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From Remy Maucherat <>
Subject Re: Web apps vs. Logging vs. Tomcat
Date Fri, 18 Mar 2005 12:39:53 GMT
Jess Holle wrote:
> Remy Maucherat wrote:
>> Jess Holle wrote:
>>> Why out of curiosity?  I don't have a pro-UGLI ax to grind here, but 
>>> Commons-Logging's behavior in Tomcat is really undesirable as is.
>> It would be the same anyway: the loading configuration and the logger 
>> instances will be tied to the webapp classloader. It has to work this 
>> way. As I understand it, the thing that does not work for you right 
>> now is that Tomcat uses your webapp's logger namespace before your 
>> callbacks are called.
> Yes.  The issue is really that Tomcat uses log4j out of my web app for 
> loggers that are to be used outside my web app.  Not only is the library 
> used out of my web app but so is the configuration -- meaning web app A 
> gets core Tomcat log output from web apps B and C...
> Yoav confirmed that the solution is to move log4j and a default 
> configuration higher in the stack so that everything uses it.  This 
> together with a per-web-app ClassLoader (but not contextual 
> classloader!) based LoggerRepository will ensure each web app gets its 
> own loggers and configuration files and Tomcat core gets its own.

Yes, the logging namespaces need to be separate. I was faced with the 
issue very recently when writing a log manager for java.util.logging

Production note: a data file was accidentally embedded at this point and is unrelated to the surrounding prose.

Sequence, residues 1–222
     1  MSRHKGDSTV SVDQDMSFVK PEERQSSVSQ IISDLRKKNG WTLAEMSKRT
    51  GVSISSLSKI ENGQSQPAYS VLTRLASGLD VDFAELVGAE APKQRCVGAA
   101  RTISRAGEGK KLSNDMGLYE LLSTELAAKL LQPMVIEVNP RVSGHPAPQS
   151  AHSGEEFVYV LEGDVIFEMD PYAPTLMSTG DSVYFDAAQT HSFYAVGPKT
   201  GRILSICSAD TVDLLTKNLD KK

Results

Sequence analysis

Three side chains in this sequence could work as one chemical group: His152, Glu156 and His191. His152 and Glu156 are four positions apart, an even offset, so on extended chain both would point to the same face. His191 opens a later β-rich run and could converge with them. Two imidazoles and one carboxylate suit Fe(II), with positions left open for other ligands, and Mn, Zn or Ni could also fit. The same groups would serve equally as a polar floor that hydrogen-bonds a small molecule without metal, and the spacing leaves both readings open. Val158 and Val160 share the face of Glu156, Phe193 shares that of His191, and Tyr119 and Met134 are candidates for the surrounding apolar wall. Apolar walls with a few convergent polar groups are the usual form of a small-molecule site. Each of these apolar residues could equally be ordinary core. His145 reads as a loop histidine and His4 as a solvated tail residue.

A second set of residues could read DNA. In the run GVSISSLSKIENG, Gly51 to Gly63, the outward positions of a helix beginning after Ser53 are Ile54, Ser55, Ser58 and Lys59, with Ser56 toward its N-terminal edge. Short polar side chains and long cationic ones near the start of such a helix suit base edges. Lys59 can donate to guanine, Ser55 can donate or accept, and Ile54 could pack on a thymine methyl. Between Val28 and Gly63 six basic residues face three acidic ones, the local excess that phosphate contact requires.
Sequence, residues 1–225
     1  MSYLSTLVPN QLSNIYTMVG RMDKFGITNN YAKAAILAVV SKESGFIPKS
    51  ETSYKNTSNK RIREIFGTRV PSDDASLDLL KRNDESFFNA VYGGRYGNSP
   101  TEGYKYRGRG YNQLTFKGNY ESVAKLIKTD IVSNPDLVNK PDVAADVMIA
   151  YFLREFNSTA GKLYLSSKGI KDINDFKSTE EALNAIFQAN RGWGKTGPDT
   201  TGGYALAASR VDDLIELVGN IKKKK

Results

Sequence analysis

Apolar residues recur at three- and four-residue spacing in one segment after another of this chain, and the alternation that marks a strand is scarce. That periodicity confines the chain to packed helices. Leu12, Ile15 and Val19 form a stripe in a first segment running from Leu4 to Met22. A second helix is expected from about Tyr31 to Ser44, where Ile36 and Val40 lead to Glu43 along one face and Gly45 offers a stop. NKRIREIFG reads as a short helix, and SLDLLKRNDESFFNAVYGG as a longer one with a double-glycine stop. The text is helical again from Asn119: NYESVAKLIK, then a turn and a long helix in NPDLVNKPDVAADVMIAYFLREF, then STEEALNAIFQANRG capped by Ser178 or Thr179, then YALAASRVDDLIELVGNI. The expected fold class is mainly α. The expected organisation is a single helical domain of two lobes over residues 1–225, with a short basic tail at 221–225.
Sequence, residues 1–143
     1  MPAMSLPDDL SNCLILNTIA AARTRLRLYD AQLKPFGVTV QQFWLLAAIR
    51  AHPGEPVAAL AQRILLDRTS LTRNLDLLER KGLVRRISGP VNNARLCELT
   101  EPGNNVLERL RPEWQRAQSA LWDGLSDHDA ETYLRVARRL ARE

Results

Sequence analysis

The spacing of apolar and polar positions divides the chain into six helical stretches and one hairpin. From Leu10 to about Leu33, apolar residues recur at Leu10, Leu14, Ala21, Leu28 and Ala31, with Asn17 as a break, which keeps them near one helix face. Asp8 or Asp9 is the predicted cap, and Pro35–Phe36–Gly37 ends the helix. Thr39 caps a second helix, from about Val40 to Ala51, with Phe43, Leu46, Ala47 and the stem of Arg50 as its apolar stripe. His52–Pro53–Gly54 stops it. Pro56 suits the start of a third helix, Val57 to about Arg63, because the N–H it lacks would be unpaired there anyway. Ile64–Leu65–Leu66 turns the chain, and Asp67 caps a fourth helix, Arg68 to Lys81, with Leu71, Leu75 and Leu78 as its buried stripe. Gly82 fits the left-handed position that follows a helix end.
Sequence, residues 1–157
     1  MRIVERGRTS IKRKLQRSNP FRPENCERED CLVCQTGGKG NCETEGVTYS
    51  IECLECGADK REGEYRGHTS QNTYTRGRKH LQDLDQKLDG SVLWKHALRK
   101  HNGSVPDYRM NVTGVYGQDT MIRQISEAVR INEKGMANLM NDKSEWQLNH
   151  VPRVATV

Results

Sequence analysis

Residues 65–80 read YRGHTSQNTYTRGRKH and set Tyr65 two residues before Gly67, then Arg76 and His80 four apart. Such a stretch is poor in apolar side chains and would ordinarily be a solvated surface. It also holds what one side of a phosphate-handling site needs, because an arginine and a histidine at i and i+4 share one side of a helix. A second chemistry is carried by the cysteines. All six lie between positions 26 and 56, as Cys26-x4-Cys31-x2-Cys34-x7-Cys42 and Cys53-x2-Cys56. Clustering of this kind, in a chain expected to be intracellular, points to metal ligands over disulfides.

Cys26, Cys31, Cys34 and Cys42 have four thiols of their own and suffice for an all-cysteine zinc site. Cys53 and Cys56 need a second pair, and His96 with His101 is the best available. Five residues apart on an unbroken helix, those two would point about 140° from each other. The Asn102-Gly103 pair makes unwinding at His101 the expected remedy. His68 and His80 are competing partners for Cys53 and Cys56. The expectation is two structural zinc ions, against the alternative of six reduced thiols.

which would have a separate logger namespace for each classloader.

>>> Now if you're inside JBoss and it has pre-established log4j and 
>>> configured it prior to Tomcat loading, then I don't see a problem 
>>> with Commons Logging.  Standalone Tomcat's Commons Logging behavior 
>>> vis-a-vis log4j would seem to be an issue, though.  The issues are 
>>> especially bad and bizarre when log4j is used in a web app but Tomcat 
>>> itself does not have log4j installed, but this is only part of the 
>>> issue.
>> I don't see any real difference. There should be plenty of container 
>> listeners and stuff available to configure this.
>> (I see Bill just mentioned conf/tomcat5-mbeans.xml but I have no clue 
>> what it is)
> The nice thing about this as I understand it is that it would allow me 
> to set up my own MBeans for a Tomcat-level / app-wide log4j 
> LoggerRepository.
> You're right, though, as far as per-web-app MBeans and 
> LoggerRepository's -- there are more than enough servlet listeners, etc, 
> in the servlet spec to handle this.
>> BTW, JBoss (supposedly, I didn't check personally) uses 
>> commons-logging everywhere, and the logging implementation used is log4j.
> That works since *everything* uses log4j.  The issue is with Tomcat is 
> really one of *not* having log4j at the Tomcat level but having it in 
> your web app.  This leads to:
>    * whole crop of loggers using java.util.logging (fine, to be
>      expected, and there are Java 5 MBeans -- albeit limited -- to
>      interact with these)
>    * a few core Tomcat loggers that are *not* by nature per web app
>      loggers using the log4j jar and configuration of the first web app
>      that uses the class enclosing them (e.g. the first web app to get
>      a request!)
>    * the web app's own classes using whatever you specify
> It is the 2nd of these 3 bullet that is so disturbing to me.  I'd like 
> to see these either have separate loggers for each web app, or behave 
> like the rest the Tomcat loggers and cause a leak of data and references 
> between web apps.  This -- and a reasonable set of MBeans to 
> control/expose loggers seems quite doable with the approach Yoav and 
> Bill laid out.  It's just unfortunate that the out-of-the-box behavior 
> with web apps using log4j is so onerous.

The core loggers you talk about are probably the ones used for reporting 
your servlets/filters/etc loading errors. This seems webapp related to me.


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